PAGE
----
This chapter will present some properties of function spaces that will be necessary for the application of the abstract theory of Chapter II to special problems. We also consider standard results about the finite element approximation of Sobolev spaces and finally we consider approximations of H (div; Ω). The results of Section III.1 are technical and may be skipped by a reader interested mostly by numerical results.
Franco Brezzi, Michel Fortin

IV. Various Examples

Abstract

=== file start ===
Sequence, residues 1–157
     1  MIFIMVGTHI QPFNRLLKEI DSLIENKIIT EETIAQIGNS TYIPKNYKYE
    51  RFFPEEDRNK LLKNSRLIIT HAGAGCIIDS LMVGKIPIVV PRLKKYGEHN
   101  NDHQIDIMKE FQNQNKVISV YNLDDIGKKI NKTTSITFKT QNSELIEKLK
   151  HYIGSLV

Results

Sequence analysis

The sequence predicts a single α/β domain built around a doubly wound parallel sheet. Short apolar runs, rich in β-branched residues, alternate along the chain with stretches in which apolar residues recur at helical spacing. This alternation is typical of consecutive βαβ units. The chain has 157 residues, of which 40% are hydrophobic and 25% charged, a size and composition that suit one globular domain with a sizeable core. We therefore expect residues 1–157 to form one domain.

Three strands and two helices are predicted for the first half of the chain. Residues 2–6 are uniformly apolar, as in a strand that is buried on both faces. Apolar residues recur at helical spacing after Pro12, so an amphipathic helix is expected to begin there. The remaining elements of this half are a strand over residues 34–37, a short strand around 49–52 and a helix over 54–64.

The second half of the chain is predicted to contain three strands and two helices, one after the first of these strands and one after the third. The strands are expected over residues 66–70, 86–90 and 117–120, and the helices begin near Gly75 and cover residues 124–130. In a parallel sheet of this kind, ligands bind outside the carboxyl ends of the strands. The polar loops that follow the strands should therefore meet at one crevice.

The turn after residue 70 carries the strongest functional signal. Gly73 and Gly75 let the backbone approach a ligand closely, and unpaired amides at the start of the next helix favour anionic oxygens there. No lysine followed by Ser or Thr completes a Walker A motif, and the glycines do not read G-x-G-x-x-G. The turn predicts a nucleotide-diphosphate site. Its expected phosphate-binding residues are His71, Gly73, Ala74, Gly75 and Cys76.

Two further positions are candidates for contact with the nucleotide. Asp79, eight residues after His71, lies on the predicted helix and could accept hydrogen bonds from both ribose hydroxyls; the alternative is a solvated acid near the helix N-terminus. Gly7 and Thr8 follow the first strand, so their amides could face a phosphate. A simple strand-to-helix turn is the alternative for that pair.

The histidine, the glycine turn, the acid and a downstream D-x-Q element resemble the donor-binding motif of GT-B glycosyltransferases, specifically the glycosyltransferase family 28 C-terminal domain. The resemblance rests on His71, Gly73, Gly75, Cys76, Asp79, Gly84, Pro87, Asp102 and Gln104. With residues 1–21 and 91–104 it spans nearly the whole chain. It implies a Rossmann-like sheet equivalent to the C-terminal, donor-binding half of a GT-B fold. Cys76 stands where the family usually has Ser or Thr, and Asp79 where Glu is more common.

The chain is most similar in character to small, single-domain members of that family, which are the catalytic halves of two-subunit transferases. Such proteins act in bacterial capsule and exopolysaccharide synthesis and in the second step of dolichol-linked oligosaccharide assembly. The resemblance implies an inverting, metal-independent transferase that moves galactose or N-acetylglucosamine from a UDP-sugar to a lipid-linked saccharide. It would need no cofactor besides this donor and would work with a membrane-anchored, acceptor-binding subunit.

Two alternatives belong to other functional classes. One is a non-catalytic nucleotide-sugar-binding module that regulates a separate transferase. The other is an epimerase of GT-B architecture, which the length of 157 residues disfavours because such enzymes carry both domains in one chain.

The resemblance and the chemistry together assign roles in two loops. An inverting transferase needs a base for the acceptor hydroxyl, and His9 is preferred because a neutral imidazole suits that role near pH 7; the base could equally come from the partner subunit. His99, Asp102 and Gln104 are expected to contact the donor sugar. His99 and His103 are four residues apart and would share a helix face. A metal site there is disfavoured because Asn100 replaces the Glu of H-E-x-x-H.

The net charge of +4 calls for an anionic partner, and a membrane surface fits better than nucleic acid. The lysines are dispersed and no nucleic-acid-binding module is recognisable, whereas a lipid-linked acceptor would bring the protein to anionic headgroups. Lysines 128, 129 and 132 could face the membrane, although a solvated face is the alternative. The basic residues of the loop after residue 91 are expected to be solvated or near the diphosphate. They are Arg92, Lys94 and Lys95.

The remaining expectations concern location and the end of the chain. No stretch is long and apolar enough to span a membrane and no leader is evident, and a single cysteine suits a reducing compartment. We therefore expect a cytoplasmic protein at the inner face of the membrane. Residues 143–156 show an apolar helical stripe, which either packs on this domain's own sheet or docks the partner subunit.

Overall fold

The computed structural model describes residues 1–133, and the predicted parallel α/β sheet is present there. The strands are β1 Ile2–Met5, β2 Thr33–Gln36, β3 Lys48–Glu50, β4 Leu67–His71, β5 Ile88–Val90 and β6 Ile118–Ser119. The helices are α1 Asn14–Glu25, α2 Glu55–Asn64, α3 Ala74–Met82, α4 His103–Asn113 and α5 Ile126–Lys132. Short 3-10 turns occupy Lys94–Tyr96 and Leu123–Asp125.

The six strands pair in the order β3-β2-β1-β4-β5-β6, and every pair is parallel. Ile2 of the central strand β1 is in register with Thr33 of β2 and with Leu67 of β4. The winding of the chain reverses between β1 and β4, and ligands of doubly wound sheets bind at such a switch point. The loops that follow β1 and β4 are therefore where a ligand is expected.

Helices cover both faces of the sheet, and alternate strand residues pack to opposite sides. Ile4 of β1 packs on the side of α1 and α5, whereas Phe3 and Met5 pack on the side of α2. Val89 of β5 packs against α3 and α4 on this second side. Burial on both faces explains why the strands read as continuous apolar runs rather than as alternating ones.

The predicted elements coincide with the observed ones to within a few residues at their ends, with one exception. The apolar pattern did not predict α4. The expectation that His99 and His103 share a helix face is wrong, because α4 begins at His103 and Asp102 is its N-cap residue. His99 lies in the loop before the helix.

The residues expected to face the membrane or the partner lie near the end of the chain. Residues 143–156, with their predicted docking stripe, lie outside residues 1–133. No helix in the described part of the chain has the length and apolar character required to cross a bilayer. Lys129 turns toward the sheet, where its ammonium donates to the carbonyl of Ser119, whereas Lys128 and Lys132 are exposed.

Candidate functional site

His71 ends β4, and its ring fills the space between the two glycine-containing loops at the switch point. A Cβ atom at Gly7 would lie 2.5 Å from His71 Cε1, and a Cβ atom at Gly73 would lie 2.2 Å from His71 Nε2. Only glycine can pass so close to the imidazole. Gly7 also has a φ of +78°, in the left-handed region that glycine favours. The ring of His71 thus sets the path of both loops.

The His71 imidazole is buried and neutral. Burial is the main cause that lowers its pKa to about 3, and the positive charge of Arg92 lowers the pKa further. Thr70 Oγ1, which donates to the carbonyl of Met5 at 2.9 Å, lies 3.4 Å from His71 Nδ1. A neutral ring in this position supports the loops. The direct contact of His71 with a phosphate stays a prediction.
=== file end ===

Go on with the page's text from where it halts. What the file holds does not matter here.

This chapter will rapidly present various applications of the theory developed in Chapter II. It will give the reader a general idea of the possibilities offered by this theoretical framework. Many of our examples have already been considered in Chapter I. We shall consider here existence and uniqueness proofs, when they can be obtained, in a proper functional setting. Moreover, we shall give examples of discretizations and error estimates. Some of the problems considered here will be presented in a more detailed treatment in future chapters: this will be the place where special cases and exceptions will eventually be discussed; the present analysis is, in principle, restricted to simple and straightforward cases. We shall, therefore, successively consider non-standard methods for Dirichlet’s problem, including hybrid methods. We shall then present approximations of the Stokes problem and of the linear elasticity problems. Fourth-order problems will also be considered either by mixed methods such as the ψ-ω method (CIARLET-RAVIART [C], MERCIER [A]) or à la MIYOSHI [A] or by dual hybrid methods. This list of examples is obviously not exhaustive and many applications have not been treated, in particular, equilibrium methods for which we refer to BREZZI-MARINI-QUARTERONI-RAVIART [A], HLAVACEK [A], HASLINGER-HLAVACEK [A]-[B] and BATOZ-BATHE-HO [A]. Other examples can be found in ROBERTS-THOMAS [A] and the references therein. Other applications and variants of the methods presented can also be found in BATOZ-BATHE-HO [A], KIKUCHI [A], and QUARTERONI [A,B], RANNACHER [A], and SCAPOLLA [A] for fourth-order problems. Time-dependent problems have been treated in QUARTERONI [C] and with a quite difffrent methodology in HUGHES-HULBERT [A]. Finally, let us point out the contribution (e.g., WHEELER-GONZALEZ [A]) of many people working on reservoir modeling to mixed methods.